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I wrote longhand. That was hard to tell, now. She was dead. Over the next 5 days, I wrote 35, words by hand. The book was constructed in my head, but I needed to find the right point of view. The first nine Beaumont books were all that first-person narrative.

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So he bought the first two books in the series, even though I had only written the one and even though I had no idea it was going to be a series. So, it took a while to become an overnight success. Is married to a retired halibut fisherman here in Seattle.

Now, does the name Thomas Blatt ring a bell with you? That was book Number This is a Beaumont story. Book Number 13 is called Name Withheld. Jance will be here on such-and-such a day, at such-and-such a time to sign her new book. The name of the book is being withheld, pending publication. That was back when I was still doing original paperback Beaumonts and the review is chiseled in my heart. Jance has created a nice, little cottage industry for herself, writing her funny little books. And I do carry grudges.

I am not an outliner. I met outlining in Mrs. I hated outlining, then. Nothing that has happened to me in the intervening decades has changed my mind about outlining. So I sort of walked up to JP Beaumont and the one thing I knew about Jack Lyons was during those weeks we were involved in that case, he was percent on that case. I know he smoked too much; he drank too much; and he got a divorce shortly thereafter. So I had him do the kind of drinking I had lived with for 18 years. And as I was doing it, it was sort of—. It was just stage business. It was something for him to do, you know?

So, I am down in Portland at a B. He did not. He drank Tequila and vodka. Does JP Beaumont have a problem? I remember thinking that Kinsey Millhone seemed isolated and lonely, but that could have had something to do with where I was in my life at the time. Once I embarked on writing of my own, I stopped reading almost completely because I was worried about creative cross-pollination. How about you? Someone else wanted to move Joanna Brady to North Carolina.

As someone from the desert, I was surprised to learn that roads in Florida were sometimes paved with sea shells. I loved the Busted Flush, but I was frustrated by the fact that Travis Magee never seemed to grow or change. I was just off in my little bubble.

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I read Mickey Spillane and John D. McDonald a long time before I started writing, and both stuck in my memory. I did not watch TV. It was the storytelling bone that was in my head, rather than reading someone else. The first Agatha Christie I ever read was her autobiography, which a bookstore gave me as a gift for having done an appearance at their store.

I read Daphne du Maurier. I loved Daphne du Maurier. You can hone it; you can point it in a good direction. Actually, I wrote nine Beaumont books in a row up to Payment in Kind. You remember that first book you wrote that nobody ever bought? Well, I had a couple of problems with that. My first unpublished book, you may remember, was about that serial killer on the reservation.

My husband was a witness in that case; it never went to trial because the guy did a plea agreement. The third case is still open in case he gets out. I did not want to write a book that would cause him to look at me, so I agreed to write a different book. They gave me a check. They gave me a deadline, but I had no bad guy to go in this book.

I sold life insurance for ten years. Spoke to the director. Told them who I was, what I did. I even gave them my matriculation number at the U of A. I could still remember it. We only do literary fiction. I thought for a while I wanted to be a nurse. That was a mistake [laughter]. You were getting the bug for storytelling. Barker and Mrs. I ended up in Mrs. Because, in her classroom, under the shelf, under the windows were bookshelves stacked with books. If you finished your work early, you could leave your desk and go over there. It was among Mrs.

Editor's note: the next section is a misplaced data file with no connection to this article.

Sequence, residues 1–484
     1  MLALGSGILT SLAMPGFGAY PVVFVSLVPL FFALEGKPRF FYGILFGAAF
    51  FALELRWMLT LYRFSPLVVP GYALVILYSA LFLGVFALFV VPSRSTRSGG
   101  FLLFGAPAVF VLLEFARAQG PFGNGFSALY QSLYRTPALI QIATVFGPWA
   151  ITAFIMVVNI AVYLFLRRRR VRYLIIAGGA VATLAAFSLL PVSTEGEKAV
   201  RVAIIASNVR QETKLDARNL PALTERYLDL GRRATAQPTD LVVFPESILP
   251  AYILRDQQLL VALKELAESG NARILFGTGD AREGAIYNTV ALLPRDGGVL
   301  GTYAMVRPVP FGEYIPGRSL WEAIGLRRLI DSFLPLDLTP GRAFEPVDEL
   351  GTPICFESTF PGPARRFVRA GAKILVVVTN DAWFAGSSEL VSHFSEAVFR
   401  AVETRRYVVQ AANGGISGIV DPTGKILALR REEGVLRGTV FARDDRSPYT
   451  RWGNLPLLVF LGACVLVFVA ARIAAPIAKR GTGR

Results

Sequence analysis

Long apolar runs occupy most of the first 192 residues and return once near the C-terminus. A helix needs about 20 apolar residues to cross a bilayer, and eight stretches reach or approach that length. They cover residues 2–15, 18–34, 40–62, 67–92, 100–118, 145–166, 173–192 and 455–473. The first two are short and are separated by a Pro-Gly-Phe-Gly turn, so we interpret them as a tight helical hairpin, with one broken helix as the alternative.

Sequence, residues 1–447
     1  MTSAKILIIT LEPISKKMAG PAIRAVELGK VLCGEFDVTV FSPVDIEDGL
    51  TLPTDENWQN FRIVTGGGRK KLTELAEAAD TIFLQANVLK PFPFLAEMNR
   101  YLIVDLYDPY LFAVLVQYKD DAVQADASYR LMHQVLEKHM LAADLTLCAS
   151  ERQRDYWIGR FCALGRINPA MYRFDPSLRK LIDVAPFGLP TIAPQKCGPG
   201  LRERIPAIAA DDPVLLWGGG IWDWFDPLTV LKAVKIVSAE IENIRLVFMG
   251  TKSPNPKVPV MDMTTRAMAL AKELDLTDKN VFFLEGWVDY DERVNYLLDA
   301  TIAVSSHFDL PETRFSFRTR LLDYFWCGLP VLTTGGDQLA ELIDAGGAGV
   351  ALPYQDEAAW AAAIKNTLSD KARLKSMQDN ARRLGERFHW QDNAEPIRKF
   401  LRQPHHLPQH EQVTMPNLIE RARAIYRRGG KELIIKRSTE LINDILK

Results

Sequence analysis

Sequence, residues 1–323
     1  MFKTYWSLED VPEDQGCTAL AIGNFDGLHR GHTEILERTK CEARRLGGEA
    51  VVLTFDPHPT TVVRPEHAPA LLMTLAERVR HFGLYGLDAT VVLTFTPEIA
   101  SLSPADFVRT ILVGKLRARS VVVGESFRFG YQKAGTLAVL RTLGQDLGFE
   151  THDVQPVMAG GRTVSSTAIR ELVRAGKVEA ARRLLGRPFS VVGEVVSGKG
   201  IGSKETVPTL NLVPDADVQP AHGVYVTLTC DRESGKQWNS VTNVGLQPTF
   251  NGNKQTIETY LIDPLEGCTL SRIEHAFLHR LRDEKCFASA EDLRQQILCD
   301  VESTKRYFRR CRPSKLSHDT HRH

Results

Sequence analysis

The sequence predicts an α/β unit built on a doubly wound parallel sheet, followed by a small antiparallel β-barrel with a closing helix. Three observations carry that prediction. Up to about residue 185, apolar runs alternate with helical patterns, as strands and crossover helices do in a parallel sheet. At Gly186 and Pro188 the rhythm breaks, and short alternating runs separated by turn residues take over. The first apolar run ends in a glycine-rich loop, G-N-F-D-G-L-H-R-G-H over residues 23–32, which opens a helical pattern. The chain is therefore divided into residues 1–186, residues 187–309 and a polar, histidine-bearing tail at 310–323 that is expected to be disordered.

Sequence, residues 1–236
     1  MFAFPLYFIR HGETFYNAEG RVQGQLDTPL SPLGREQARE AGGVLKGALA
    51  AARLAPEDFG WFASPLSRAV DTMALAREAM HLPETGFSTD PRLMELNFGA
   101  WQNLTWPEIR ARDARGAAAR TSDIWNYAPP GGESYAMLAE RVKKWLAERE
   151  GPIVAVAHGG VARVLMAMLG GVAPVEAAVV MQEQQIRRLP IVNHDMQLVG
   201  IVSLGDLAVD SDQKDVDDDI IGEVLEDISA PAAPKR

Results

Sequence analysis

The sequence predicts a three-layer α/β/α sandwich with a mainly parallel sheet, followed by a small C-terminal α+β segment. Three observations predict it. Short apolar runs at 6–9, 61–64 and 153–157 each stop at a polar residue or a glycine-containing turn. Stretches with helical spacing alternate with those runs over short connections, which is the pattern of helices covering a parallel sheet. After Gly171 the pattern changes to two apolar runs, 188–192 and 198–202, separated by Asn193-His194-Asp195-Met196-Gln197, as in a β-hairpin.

Not just Dorothy and the ruby slippers but all of those other Oz books, as well. A lot of second-grade kids or little kids encountering those stories would be fascinated by the wizard behind the curtain. I glimpsed Frank Baum hiding behind the words. And from second grade on, I wanted to be the person putting the words on the pages. For the 13 years we were married, I did nothing about my writing other than writing poetry under the dark of night. Have you seen my book of poetry, After the Fire? I was doing a poetry reading of that book at that widowed retreat in , which is where I met Bill.

It burned me, but I knew I lived. It seared me, but it made me whole. He called me. I went gladly, though I saw the rocks. Fell, laughing through the singeing air. I have known the fire. The flame is out. As husband material my first husband was a real loser but as the husband of a natural writer, the guy was a gold mine [laughter]. I remember being so appalled by the racism in the south, without having any inkling that at the Lyric Theatre in Bisbee, Arizona, the Mexicans had to sit up in the balcony. I remember being so disappointed at first when we got there and it was black and white, the Kansas part, before it switched to technicolor in Oz.

But I loved it. I was enchanted. I think we have to start with Until Proven Guilty. I realize, now, that him being absolutely captivated by Anne Corley, who was such a dangerous woman in a red dress, was really unbelievable. But Anne Corley was a compelling character. For my 45 th birthday, I decided I was going to give myself a gift. Redmond High School had a reading-for-pleasure thing and every day, for 20 minutes, the whole school shut down.

The office—people in the office, the teachers, the kids, the janitors, the people in the cafeteria—everybody read for pleasure for 20 minutes. I should support this. Let me get back to you. The shop teachers really thought it was slick. When I got to the school the next day, one of the shop teachers had actually borrowed a Porsche and I was driven into the gym in a Porsche, handed out of the car by the shop teacher, given flowers—listen. I was six feet tall in seventh grade. I did my talk. Then, I opened it up for questions.

Came out in and it was standing there in front of those 1, kids when I figured out where Anne Corley came from. When I was seven, he molested me. That was who she was avenging. What should I do? You need to talk to her. My father came up to visit where we were living on the Reservation. I guess somebody better tell him, and so I did. That instant acceptance from him—the instant belief—was really an important part of my healing process, but so was writing Anne Corley. Well, she comes back over and over. Beau just falls head over heels.